A good portion of people commends Marcus Stroman for putting his health and family first by opting out this season rather than pitch a game for the Mets – they are not wrong.
A fair portion of Mets fans criticized Stroman for quitting on the Mets by not throwing a pitch and using COVID-19 as an excuse to not pitch this season – they are not wrong.

The Mets lost Noah Syndergaard to Tommy John surgery during the pandemic, and they lost Zack Wheeler to free agency. They hoped Stroman could fill the void of being the No. 2 starter with Syndergaard out for the season, but instead he spent time on the injured list with a torn left calf muscle. He decided to milk the injury as long as he could to accrue service time of being a free agent this offseason, and he exercised his right to opt-out on Monday as soon as he collected his service time.

He left the Mets hanging. There’s no other way to say it. Sorry that it sounds cruel and harsh, but this whole thing seems so convenient for him to bail. With the Mets being awful, he did not want to risk pitching hurt and losing value in the free agency market. He wants to get paid like a top starter.

He certainly won’t get it from the Mets, and he shouldn’t. He did nothing for them to earn what he thinks he is going to get in the open market. He left them hanging after the Mets gave up Anthony Kay and Simeon Woods Richardson for him in the trade deadline. The Mets acquired him to help them make a push for the wild-card run last season and to be insurance in the starting rotation this season in the event Wheeler left. The Mets received no dividends out of Stroman on either front.

The Stroman trade along with acquiring Edwin Diaz and washed-up Robinson Cano put beleaguered Mets general manager Brodie Van Wagenen in a rough spot. Van Wagenen acquired them as an attempt to be bold in making the team a playoff team with Jacob deGrom in his prime. The MLB computer picks even backed him on the decision. Instead, it fizzled, and everyone now questions the Mets general manager’s chops for the job.

If Van Wagenen gets fired by whoever owns the Mets, these ill-advised trades will be the reason. He knew the Mets were not in a position to trade their best prospects for guys who quite frankly are not good enough to lead them to a playoff appearance. He did it anyway just to show he was in it to win it. It was reckless.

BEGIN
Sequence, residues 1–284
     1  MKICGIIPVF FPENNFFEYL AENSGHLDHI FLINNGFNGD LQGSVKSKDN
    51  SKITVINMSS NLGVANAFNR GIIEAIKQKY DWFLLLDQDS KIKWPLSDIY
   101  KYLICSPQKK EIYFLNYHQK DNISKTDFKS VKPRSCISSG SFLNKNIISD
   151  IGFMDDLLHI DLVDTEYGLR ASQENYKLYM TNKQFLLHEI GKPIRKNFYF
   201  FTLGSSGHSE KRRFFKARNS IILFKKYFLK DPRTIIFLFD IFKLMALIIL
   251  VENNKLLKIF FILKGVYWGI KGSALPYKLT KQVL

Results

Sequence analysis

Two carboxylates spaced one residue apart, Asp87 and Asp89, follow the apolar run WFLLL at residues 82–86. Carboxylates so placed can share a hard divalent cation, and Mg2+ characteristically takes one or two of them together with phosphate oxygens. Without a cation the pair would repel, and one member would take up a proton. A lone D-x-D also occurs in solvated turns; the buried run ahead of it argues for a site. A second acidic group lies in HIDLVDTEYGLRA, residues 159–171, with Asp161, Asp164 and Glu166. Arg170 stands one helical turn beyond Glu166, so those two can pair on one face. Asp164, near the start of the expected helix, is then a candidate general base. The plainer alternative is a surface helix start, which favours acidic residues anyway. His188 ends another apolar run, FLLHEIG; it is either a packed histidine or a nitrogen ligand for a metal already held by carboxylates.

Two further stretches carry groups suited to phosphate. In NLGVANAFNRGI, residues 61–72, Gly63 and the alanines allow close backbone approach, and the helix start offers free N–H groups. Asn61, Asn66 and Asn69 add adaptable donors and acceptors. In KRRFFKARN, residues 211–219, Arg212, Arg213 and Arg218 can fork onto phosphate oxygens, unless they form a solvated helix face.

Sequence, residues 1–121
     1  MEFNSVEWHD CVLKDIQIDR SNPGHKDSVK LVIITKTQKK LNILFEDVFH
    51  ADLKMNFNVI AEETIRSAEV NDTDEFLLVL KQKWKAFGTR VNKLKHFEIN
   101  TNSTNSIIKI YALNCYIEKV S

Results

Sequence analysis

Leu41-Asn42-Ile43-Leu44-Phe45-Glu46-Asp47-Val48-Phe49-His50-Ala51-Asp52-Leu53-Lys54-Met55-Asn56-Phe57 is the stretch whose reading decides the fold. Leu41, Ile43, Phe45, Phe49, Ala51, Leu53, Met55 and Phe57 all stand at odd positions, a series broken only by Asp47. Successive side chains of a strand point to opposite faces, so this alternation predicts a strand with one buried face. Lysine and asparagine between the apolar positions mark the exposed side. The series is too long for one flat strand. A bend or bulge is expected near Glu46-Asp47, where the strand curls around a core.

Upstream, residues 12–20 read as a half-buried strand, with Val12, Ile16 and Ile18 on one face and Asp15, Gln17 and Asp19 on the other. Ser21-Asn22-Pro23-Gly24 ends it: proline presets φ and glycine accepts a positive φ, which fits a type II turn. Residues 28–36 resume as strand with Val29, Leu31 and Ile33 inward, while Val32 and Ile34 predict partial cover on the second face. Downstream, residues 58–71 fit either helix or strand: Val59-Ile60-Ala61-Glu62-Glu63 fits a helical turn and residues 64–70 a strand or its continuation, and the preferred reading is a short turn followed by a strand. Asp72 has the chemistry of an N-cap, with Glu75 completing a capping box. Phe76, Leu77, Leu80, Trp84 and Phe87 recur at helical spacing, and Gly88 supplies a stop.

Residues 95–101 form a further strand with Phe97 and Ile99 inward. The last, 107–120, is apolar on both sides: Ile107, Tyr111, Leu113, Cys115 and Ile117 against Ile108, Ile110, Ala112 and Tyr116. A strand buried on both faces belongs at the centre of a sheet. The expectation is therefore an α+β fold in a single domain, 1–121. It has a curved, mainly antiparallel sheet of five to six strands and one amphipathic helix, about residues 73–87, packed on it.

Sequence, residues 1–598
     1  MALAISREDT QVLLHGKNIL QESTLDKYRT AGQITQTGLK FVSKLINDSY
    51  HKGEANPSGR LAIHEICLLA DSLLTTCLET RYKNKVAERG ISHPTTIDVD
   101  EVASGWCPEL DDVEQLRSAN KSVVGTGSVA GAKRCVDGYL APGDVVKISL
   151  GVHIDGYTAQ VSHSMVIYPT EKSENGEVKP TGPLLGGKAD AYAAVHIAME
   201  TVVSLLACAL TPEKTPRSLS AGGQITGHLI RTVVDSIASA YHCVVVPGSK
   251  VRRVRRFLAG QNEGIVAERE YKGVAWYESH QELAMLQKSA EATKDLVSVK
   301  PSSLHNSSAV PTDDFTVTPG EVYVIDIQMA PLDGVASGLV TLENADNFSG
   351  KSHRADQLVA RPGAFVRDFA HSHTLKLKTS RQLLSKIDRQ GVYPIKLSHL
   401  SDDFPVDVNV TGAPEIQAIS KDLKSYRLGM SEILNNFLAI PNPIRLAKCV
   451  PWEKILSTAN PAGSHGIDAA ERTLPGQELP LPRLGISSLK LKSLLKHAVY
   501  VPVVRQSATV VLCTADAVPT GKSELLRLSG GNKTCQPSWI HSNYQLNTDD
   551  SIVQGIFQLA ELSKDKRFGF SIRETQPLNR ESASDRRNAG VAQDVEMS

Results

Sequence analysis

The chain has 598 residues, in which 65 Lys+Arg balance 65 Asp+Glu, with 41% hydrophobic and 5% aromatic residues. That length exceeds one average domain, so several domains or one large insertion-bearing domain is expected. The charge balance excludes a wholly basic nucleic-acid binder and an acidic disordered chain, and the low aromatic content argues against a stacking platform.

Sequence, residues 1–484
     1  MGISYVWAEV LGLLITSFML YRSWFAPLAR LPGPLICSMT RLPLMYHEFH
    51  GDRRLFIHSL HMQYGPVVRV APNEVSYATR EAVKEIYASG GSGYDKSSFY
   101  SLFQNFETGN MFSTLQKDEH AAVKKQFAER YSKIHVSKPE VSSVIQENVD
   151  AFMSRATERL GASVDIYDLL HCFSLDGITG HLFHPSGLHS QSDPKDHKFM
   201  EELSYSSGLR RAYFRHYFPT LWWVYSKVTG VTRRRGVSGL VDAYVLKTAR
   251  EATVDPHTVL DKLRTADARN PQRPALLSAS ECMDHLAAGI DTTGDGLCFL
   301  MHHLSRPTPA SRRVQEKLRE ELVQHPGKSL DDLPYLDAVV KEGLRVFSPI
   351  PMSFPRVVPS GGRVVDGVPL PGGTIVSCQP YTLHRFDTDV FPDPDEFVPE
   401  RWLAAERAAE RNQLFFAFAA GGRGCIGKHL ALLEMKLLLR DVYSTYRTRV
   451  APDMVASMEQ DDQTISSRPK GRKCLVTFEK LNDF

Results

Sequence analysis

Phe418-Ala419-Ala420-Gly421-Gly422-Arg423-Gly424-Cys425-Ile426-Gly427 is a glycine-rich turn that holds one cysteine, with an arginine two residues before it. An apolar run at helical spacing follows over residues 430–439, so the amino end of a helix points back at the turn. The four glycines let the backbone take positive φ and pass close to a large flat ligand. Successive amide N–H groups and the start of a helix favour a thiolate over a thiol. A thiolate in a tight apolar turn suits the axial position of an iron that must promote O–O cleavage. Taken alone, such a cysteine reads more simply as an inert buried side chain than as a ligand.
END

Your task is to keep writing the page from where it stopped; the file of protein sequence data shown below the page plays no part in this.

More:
Van Wagenen should feel betrayed by Stroman. He put his faith in him by trading for him, and this is what he gets in return.

Sure, the Mets general manager gets what he deserves, but it does not make it any right on Stroman’s part here.

Somehow if the Mets played like a World Series contender, Stroman would find a way to pitch this season. Even better, if he pitched for the Yankees, he would not even be opting-out. If he sincerely wanted to opt-out for COVID-19 reasons, he would have done it in the beginning, not now when the Mets are a mess on the field.

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Rumors circulated Stroman threw a fit when he found out the Toronto Blue Jays traded him to the Mets than to the Yankees, his preferred choice. People don’t forget stuff like that, and that’s why Mets fans should be bothered about him opting-out since he did not have it in his heart to pitch for the Mets this season.

If Stroman opted-out from the beginning, no Mets fan would criticize him.

It’s easy to call him out since he decided to play it out and wait until he accrued his service time before he made his decision. It sounds so shady. He basically pulled a Yoenis Cespedes by quitting rather than sticking it out.

He likely pitched his last game with the Mets without throwing a pitch this season. He will be remembered more for opting-out than any of his 11 mediocre starts last season.

Fair or not, perception becomes reality when it comes to Stroman’s intent.

He couldn’t care less obviously since he made that decision. It’s not his problem. Some team will be stupid enough to overpay him because starting pitching is at such a premium. He may be the second-best starter in the market with Trevor Bauer being the best of the bunch in the market. He will be laughing when he gets his money.

Despite all that, his own teammates know he quit on them.
That’s something his future teammates will keep in mind when the going gets tough.

Featured Image: Yahoo! Sports
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